The mysterious circumstances surrounding a real-life event, i.e., the demise of the great leader, Shri. Shyama Prasad Mukherjee has been elaborately discussed. The character of Sumatha Nath Roy Chowdhury as the youngest surviving child of Ram Nath Roy Chowdhury and the character of Shodashi are quite intriguing. Characters like ‘pagal kaka’ are endearing and very well sketched. All the major events leading to Indian independence has been written about in the novel.
In some portions of the novel, it feels like one is reading the personal family story of either the author or someone close to the author. In some places, the book feels like a mundane recital of family events in the manner of a grandmother narrating family history to her grandchild. One does not notice any sign of imaginative genius in the work. This novel may feel like a mildly disappointing read for those looking for a substantial story. However, the novel is likely to touch the right chord with the masses with its brilliance in amalgamating the personal lives of the characters with India’s struggle for freedom and identity.
The book contains a lot of actual historical narrative – from the various ‘andolans’ or movements for independence to the contributions of Subhas Chandra Bose, Mahatma Gandhi, Shyama Prasad Mukherjee and Aurobindo Ghose. The novel contains a lot of intrigue, interesting moments and some humour , too. The many shades of Bengal and its people as well as the many shades of India and its people are revealed at different junctures. A number of historical events have been recorded with precision by the author. The years leading to Indian independence has been rationally analysed. The contributions of patriots like Subhas Chandra Bose have been fully incorporated in the book. Several glowing tributes to S.C. Bose have been paid.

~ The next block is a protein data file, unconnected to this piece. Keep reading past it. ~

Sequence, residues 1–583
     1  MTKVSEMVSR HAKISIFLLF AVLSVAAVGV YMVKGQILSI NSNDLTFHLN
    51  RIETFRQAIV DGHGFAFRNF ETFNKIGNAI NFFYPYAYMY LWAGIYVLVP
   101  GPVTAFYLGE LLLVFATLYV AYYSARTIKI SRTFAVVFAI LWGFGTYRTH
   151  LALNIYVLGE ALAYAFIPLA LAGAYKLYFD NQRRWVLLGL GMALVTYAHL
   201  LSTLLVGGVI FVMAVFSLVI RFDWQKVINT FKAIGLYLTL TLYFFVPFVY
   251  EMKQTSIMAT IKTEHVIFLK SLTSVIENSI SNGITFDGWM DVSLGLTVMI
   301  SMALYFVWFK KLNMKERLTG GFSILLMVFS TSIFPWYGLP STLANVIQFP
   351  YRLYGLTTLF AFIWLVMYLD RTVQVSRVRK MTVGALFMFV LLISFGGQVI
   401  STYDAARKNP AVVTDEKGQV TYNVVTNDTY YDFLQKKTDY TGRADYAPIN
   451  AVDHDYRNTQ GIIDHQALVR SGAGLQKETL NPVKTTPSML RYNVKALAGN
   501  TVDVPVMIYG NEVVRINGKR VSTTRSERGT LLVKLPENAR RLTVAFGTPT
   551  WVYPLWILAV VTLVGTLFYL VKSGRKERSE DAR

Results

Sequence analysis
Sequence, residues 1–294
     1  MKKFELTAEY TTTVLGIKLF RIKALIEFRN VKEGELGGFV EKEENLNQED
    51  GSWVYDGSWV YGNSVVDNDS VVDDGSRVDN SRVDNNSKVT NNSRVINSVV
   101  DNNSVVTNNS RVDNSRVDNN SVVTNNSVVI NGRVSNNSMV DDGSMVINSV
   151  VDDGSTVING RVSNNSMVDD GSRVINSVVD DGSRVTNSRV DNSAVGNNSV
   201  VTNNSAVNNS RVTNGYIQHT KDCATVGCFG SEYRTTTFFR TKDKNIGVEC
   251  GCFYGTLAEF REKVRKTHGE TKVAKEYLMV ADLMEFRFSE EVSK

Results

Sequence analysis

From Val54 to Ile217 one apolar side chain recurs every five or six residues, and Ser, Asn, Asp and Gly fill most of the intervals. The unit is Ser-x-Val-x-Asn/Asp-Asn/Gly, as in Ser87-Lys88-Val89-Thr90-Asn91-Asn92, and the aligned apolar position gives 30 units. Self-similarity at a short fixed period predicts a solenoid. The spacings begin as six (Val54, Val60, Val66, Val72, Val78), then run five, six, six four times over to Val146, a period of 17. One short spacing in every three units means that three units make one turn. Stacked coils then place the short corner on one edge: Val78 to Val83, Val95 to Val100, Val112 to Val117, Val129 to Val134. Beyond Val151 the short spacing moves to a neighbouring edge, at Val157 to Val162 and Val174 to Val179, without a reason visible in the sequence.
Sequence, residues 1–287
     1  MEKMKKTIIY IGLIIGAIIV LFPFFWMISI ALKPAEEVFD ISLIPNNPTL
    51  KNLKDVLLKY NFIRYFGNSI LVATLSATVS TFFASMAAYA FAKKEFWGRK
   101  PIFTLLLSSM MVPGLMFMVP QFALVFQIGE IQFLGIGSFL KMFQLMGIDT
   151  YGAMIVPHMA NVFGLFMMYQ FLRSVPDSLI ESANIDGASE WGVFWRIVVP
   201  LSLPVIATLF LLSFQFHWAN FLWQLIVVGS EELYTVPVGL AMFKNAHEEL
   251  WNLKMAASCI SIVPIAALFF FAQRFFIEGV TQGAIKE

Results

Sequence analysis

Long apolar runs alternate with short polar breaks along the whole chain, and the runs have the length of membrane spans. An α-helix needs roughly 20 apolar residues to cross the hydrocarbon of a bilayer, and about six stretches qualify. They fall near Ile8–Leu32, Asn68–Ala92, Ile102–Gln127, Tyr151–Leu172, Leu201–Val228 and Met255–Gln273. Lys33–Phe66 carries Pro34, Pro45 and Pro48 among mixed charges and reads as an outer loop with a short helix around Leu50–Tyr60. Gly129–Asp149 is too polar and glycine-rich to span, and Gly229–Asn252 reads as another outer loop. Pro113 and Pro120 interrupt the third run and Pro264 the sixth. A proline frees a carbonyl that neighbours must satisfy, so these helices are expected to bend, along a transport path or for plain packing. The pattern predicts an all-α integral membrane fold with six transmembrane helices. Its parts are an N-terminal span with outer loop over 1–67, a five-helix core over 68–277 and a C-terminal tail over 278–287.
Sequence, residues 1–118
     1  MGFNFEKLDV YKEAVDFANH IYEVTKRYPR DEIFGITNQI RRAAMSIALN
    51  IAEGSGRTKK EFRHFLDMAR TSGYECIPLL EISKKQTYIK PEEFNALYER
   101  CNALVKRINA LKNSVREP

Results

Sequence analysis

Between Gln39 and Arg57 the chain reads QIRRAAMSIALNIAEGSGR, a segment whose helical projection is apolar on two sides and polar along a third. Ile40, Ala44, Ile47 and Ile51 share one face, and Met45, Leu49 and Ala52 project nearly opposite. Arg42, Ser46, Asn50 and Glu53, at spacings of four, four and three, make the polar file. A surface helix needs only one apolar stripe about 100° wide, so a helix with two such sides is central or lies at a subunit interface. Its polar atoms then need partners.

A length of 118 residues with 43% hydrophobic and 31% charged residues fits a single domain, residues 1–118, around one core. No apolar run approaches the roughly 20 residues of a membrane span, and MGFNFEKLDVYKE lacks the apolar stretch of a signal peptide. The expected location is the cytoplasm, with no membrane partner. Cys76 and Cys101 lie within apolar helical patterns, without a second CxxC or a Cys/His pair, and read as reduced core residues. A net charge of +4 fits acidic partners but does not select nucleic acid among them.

In the thoughts and words of Rano, one of the descendants of Sumantha – “The traitors to subhas Chandra, inside and outside the country forgot that he was the greatest of the patriots in India”. The author has used his writing skills effectively to bring out multiple truths in Indian history. The story has been said in different voices or by different protagonists. The narrative style of Shri.Aju Mukhopadhyay is very unique!
The debilitating causes and consequences of the Bengal famine of the 1940s has been covered really well. The path to Indian independence has been well understood by the author.
One of the highlights of the novel is its setting. The old-world charm of yesteryear Bengal has been recreated. Even the partition of Bengal has been discussed in different ways by different people in the book.